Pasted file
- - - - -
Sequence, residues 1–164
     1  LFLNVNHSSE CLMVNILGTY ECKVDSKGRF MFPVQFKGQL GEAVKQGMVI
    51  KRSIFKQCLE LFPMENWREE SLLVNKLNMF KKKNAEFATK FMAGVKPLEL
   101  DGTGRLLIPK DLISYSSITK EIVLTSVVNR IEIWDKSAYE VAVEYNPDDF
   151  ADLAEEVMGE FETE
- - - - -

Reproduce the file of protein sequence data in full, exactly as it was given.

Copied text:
Sequence, residues 1–164
     1  LFLNVNHSSE CLMVNILGTY ECKVDSKGRF MFPVQFKGQL GEAVKQGMVI
    51  KRSIFKQCLE LFPMENWREE SLLVNKLNMF KKKNAEFATK FMAGVKPLEL
   101  DGTGRLLIPK DLISYSSITK EIVLTSVVNR IEIWDKSAYE VAVEYNPDDF
   151  ADLAEEVMGE FETE